Will state Democrats self-destruct?
The best political news Gov. Arnold Schwarzenegger has had all year may be that two tough-minded, well-funded Democrats are squaring off to fight over the party's nomination for governor in 2006. If their campaign turns nasty, and Schwarzenegger in fact decides to run for re-election, the incumbent with the falling poll numbers could catch a break by getting to run against an opponent who has already been pummeled in his own party primary.
Campaign finance reports show that Treasurer Phil Angelides already has about $19 million in his campaign account. Controller Steve Westly, with his vast personal wealth, has already committed $15 million of his own money to his campaign. There will be no lack of resources to stage a humdinger of a primary.
Angelides seems to be the early favorite, having locked up several of the most influential party endorsements including that of U.S. Sen. Barbara Boxer, and having positioned himself as an early and persistent foil of Schwarzenegger. In addition, because the open primary initiative failed last fall, the 2006 Democratic primary will be a closed affair. Conventional wisdom holds that Democratic Party primary voters tend to be decidedly more liberal than the electorate as a whole -- another factor that favors Angelides.
Given all that, a logical strategy for Westly might be to come out of the box attacking Angelides in an attempt to even the playing field.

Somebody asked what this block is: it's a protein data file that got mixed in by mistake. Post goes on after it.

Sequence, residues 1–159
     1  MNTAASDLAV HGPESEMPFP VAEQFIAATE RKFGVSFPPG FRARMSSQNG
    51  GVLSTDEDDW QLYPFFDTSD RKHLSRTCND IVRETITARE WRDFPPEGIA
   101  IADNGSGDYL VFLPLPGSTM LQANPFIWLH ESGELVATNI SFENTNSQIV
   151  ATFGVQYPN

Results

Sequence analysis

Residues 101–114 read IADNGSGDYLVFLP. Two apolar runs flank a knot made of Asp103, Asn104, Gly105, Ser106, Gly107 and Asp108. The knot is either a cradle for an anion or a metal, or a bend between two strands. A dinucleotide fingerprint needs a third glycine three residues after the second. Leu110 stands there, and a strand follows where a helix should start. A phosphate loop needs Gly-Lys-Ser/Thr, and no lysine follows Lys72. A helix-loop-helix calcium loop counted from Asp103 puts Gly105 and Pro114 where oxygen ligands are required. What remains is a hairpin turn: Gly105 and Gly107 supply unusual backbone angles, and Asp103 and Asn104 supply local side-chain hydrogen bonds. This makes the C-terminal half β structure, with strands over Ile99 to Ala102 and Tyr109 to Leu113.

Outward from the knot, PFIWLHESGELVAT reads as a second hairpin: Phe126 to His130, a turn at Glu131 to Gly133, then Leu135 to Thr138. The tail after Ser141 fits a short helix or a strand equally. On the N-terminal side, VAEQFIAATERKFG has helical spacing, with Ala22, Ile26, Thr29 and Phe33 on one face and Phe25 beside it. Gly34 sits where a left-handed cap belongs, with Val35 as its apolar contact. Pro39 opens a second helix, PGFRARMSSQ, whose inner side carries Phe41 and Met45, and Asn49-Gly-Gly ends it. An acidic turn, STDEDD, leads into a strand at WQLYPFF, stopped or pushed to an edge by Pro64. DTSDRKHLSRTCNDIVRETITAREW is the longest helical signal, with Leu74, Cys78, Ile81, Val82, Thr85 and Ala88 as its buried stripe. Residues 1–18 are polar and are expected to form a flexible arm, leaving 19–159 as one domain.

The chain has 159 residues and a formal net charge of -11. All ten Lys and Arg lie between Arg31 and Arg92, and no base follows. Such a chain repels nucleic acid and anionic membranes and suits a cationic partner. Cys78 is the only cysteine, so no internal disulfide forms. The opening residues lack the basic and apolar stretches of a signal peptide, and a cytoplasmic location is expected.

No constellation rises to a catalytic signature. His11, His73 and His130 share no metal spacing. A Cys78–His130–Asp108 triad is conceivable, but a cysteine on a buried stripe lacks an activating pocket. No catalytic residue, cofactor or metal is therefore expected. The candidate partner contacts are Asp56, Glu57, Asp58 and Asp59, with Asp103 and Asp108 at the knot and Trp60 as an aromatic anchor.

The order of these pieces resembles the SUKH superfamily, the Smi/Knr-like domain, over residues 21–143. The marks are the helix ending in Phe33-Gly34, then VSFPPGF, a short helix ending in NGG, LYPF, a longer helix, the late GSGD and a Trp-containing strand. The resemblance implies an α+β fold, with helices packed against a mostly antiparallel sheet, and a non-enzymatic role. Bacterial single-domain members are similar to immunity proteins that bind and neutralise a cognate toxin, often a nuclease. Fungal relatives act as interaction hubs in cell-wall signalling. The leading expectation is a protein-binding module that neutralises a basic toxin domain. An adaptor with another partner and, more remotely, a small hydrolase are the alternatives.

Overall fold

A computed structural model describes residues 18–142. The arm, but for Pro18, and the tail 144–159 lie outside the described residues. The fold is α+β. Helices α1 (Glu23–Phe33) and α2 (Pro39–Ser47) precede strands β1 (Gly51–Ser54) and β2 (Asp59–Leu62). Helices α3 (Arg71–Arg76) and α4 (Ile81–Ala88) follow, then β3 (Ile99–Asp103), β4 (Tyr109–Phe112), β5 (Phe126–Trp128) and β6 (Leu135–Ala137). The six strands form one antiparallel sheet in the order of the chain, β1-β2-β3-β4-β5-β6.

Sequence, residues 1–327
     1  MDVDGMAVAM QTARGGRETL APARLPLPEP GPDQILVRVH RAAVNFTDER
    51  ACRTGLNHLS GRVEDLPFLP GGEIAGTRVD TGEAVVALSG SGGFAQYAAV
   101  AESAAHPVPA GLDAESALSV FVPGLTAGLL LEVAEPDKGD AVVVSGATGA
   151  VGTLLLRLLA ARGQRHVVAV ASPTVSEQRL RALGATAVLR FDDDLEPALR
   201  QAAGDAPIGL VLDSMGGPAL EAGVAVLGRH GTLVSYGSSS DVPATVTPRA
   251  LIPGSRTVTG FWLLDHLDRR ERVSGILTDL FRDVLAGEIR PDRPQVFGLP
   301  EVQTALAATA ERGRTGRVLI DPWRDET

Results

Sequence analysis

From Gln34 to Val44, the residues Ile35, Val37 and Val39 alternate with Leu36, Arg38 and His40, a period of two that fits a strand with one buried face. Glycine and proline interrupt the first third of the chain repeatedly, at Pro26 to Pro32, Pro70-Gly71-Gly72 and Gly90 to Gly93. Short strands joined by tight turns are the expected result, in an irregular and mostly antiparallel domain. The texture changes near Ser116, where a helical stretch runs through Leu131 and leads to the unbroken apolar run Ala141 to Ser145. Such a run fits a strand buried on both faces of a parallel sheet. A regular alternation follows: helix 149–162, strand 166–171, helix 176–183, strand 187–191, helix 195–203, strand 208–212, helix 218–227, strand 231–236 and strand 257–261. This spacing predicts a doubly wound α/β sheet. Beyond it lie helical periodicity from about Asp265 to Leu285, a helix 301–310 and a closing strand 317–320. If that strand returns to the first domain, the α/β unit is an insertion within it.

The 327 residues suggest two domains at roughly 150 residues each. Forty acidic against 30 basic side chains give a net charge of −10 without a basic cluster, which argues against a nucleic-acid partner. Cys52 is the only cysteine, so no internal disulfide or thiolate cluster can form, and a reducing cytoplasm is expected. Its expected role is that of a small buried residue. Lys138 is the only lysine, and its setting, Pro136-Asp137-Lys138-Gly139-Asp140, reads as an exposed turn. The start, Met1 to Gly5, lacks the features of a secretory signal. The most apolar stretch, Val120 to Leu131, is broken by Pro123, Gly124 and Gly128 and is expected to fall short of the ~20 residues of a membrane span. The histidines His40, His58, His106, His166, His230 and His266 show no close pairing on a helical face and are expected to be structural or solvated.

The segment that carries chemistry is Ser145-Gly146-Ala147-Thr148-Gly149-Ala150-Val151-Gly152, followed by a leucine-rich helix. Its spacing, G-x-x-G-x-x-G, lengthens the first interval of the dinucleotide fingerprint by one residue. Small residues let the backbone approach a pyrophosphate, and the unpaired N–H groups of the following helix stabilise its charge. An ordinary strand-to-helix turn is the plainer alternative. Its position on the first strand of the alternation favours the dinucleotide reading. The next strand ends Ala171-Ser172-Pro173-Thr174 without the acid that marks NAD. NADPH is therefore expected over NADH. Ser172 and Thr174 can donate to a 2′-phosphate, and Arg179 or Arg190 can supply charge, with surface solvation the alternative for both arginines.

Westly has hired Garry South, the mastermind behind former Gov. Gray Davis' relentlessly negative campaign against Republican Bill Simon in 2002, as his senior campaign adviser.
I asked South yesterday if he felt Westly needed to go negative early against Angelides. His response: Democratic primary voters aren't as liberal as conventional wisdom holds. He noted that San Diego has the second-highest number or registered Democrats among California counties and Orange County has the third highest total. Westly can win, he suggested, merely by appealing to moderates.
South recalled that in 1994 Angelides ran a tough — some say merciless and unfair — primary campaign against former Senate President Pro Tem David Roberti, savagely attacking Roberti's stance against abortion rights. If the treasurer tries to use that tactic against Westly, South said, the Westly campaign will be ready.
"He ought to take a long, hard look," said South, who was named the national political consultant of the year in 1998 for directing Davis' landslide victory. "People have accused me of being a lot of things, but nobody's ever accused me of being afraid to fight back."
Translation? Yes, the Democratic primary could be the best thing to happen to Schwarzenegger's political fortunes since the recall.